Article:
SciELO - Scientific Electronic Library Online

 
vol.37 número1Formulación preliminar de mezclas de sustratos en base a musgo (Sphagnum magellanicum) para viveros hortícolasBalance del viñedo: un estudio de caso en un viñedo Carménère índice de autoresíndice de materiabúsqueda de artículos
Home Pagelista alfabética de revistas  

Servicios Personalizados

Revista

Articulo

Indicadores

Links relacionados

Compartir


Ciencia e investigación agraria

versión On-line ISSN 0718-1620

Cienc. Inv. Agr. v.37 n.1 Santiago abr. 2010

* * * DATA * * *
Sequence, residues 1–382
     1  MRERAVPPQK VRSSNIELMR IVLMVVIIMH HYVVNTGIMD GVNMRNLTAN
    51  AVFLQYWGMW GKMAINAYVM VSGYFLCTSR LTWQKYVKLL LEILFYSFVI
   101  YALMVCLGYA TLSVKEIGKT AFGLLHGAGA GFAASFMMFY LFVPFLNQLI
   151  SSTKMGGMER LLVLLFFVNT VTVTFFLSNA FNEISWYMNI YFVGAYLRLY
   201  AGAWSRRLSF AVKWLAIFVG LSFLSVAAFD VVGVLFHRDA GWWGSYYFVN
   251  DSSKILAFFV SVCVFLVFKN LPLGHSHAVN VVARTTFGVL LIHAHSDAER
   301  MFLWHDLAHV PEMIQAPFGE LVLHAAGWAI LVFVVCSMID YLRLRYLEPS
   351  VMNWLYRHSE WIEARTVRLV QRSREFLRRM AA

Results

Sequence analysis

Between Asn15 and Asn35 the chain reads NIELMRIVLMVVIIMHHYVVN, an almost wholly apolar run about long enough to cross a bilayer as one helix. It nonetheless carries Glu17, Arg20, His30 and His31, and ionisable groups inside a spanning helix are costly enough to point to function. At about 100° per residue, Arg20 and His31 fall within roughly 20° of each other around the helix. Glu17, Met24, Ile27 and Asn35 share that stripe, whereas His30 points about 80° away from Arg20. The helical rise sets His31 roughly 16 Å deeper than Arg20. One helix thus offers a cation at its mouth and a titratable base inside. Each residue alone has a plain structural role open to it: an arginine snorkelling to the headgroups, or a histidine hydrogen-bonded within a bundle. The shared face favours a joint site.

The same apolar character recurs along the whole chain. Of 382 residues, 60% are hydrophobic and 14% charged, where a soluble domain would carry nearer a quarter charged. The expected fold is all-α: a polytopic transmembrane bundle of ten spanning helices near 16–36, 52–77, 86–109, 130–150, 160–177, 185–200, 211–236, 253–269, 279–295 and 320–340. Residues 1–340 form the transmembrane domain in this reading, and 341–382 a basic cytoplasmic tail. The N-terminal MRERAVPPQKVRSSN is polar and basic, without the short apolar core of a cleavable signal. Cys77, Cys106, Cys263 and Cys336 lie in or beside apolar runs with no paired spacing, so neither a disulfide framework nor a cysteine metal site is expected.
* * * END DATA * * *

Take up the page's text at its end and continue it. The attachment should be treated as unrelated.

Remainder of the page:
http://dx.doi.org/10.4067/S0718-16202010000100013 

Cien. Inv. Agr. 37(1):133-141. 2010

RESEARCH PAPER

 

Boron dynamics related to fruit growth and seed production in kiwifruit (Actinidia deliciosa, cv. Hayward)

Dinámica del boro en relación con el crecimiento del fruto y la producción de semillas en kiwi (Actinidia deliciosa, cv. Hayward)

 

Carlos Sotomayor1, Paulina Norambuena1, and Rafael Ruiz2

1Pontifcia Universidad Católica de Chile, Facultad de Agronomía e Ingeniería Forestal. Casilla 306-22. Santiago, Chile. 2Instituto de Investigaciones Agropecuarias. CRI La Platina. Casilla 439-3. Santiago, Chile.


Abstract